Just look at what’s going on in our culture. There are over 1 million abortions every year. Why are so many women ending up pregnant when they don’t want to be pregnant? If we rule out incompetence or lack of intelligence on the part of women, it starts to look like there might be a problem with contraception.
Who stands up for all women?
When you get in these kinds of discussions with secular feminists, they often bring up examples of women in bad circumstances having children they didn’t expect because they didn’t have access to abortion (Ms. Marcotte linked to a story involving a nine-year-old girl). I applaud their concern for women, and would never make light of the difficultly of childbirth. But I’m not comfortable with the fact that secular feminists are not willing to stand up for all women.
The last moment I considered myself a feminist was when I first saw the ultrasound of my second pregnancy. The baby was 19 weeks along, and we discovered that she was a girl. I watched her kick her legs and touch her face; we all laughed when she let out a big yawn. I admired her distinct nose which made for a beautiful profile that I’d later recognize when she was born.
But a chill went down my spine when I realized that the pro-choice feminist worldview, which I claimed to subscribe to, said that this young woman had no rights; in fact, according to my own worldview, my daughter was sub-human. Though I was not yet Catholic, I rejected mainstream feminism forever at that moment.
I don’t believe that women should have to meet a certain bar in order to be considered fully human and worthy of respect. Pro-choice feminism only respects women once they’ve reached a certain age, usually about 36 weeks; the ones who are younger than that are not considered worthy of consideration as human beings, let alone worthy of respect. The Catholic Church respects all women, no matter how small and voiceless.
The story Ms. Marcotte linked to about the nine-year-old girl is tragic; but I could link to some videos of girls younger than that being ripped limb from limb by abortion. Childbirth is definitely tough. But not as tough as being dismembered.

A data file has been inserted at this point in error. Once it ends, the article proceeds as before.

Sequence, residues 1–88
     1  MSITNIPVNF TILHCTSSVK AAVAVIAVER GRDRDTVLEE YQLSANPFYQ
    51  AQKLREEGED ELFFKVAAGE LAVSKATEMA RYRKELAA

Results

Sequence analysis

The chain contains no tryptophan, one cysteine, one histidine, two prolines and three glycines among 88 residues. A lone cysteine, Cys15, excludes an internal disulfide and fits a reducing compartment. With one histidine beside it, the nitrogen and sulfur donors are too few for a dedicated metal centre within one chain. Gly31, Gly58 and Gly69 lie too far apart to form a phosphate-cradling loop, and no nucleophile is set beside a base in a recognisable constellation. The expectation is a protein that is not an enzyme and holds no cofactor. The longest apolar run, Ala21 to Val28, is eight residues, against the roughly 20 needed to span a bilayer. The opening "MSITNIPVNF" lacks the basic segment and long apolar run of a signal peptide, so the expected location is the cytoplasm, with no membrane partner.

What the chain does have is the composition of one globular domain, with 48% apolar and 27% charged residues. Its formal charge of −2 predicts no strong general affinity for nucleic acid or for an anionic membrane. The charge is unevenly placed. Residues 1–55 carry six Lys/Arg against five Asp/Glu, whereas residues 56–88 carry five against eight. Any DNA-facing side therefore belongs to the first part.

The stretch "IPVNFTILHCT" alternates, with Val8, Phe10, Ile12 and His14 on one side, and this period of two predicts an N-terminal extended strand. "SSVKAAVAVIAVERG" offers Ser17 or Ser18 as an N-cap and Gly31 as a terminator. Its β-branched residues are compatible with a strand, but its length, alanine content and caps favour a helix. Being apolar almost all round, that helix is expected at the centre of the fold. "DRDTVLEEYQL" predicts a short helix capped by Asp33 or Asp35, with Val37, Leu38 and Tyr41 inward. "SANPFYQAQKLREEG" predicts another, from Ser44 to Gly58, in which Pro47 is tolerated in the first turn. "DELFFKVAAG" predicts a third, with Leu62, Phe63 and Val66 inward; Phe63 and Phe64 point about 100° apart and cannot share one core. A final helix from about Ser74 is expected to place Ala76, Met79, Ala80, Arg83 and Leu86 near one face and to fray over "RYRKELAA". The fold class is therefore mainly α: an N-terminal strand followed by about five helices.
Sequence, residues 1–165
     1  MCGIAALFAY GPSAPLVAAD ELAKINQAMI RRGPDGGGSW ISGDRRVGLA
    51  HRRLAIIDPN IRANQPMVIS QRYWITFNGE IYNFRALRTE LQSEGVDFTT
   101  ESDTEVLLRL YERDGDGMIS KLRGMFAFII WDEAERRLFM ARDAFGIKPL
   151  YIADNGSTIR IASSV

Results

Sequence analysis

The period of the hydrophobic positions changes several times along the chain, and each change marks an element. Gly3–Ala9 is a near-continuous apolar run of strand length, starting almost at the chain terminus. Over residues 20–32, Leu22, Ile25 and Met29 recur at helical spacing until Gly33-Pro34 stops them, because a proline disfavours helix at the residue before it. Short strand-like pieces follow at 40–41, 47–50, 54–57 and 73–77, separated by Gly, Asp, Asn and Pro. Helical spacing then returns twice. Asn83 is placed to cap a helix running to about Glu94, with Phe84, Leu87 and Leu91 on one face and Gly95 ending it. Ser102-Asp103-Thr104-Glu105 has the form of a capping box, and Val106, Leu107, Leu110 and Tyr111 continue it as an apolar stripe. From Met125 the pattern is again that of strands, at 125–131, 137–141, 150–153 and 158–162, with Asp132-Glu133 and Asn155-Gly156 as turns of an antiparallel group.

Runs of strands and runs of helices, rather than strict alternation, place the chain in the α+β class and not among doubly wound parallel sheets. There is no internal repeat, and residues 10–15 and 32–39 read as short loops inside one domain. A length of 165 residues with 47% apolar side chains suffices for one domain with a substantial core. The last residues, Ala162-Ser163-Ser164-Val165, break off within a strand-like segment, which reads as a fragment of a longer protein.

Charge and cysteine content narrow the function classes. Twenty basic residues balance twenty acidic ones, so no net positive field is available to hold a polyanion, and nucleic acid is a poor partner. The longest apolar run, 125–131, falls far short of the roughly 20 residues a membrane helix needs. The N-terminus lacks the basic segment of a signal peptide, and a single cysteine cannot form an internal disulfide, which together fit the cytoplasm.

Who encourages women to seek information?
Finally, I note that I’m always suspicious of any cause that is not comfortable with a free flow of information, especially when it involves withholding information from women. Notice that you never see secular feminists sites linking to videos of abortions. You never see pro-choice sites posting pictures of what, exactly, these “clumps of tissue” within the womb actually look like. You never see them encouraging women to research fetal development and learn things like the fact that whatever it is that’s within their wombs has a heartbeat at four weeks, fingerprints at 10 weeks, and fully formed genitals at 14 weeks. They even oppose bills requiring that women at abortion clinics have the option of seeing ultrasounds to find out what is going on in their bodies, on the grounds that it would make the women too emotional.
Hey, guys, Victorian England called. They want their view of women back.
The Catholic Church, on the other hand, respects women enough to tell them the full truth about human sexuality and human life. It never discourages them from gaining more information about their own bodies. It trusts them to be able to handle the truth, even if it’s not convenient.
I don’t suggest here that Ms. Marcotte or other secular feminists intend to disrespect women; I think they mean well but are simply misguided. And I understand that, because I used to be in the same place. I had a bumper sticker for the National Organization of Women, donated to Planned Parenthood, and meant every word of it when I said I’d die to protect women’s access to abortion. But when I started questioning assumptions and taking a hard look at who really respects every aspect of all women, I found secular feminism sorely wanting. In fact, I found that there is no organization in the world that loves, honors, and respects women more than the Catholic Church.